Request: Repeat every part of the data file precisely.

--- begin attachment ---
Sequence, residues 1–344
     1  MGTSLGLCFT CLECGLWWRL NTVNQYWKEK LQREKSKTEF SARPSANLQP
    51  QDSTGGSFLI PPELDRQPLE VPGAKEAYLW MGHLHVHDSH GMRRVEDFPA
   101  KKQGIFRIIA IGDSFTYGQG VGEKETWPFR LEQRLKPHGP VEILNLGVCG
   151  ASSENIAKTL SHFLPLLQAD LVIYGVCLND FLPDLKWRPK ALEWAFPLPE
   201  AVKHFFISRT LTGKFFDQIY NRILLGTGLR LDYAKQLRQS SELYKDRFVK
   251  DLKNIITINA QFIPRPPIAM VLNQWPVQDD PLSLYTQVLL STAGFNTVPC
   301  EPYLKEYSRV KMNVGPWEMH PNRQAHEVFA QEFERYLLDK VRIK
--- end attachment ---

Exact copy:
Sequence, residues 1–344
     1  MGTSLGLCFT CLECGLWWRL NTVNQYWKEK LQREKSKTEF SARPSANLQP
    51  QDSTGGSFLI PPELDRQPLE VPGAKEAYLW MGHLHVHDSH GMRRVEDFPA
   101  KKQGIFRIIA IGDSFTYGQG VGEKETWPFR LEQRLKPHGP VEILNLGVCG
   151  ASSENIAKTL SHFLPLLQAD LVIYGVCLND FLPDLKWRPK ALEWAFPLPE
   201  AVKHFFISRT LTGKFFDQIY NRILLGTGLR LDYAKQLRQS SELYKDRFVK
   251  DLKNIITINA QFIPRPPIAM VLNQWPVQDD PLSLYTQVLL STAGFNTVPC
   301  EPYLKEYSRV KMNVGPWEMH PNRQAHEVFA QEFERYLLDK VRIK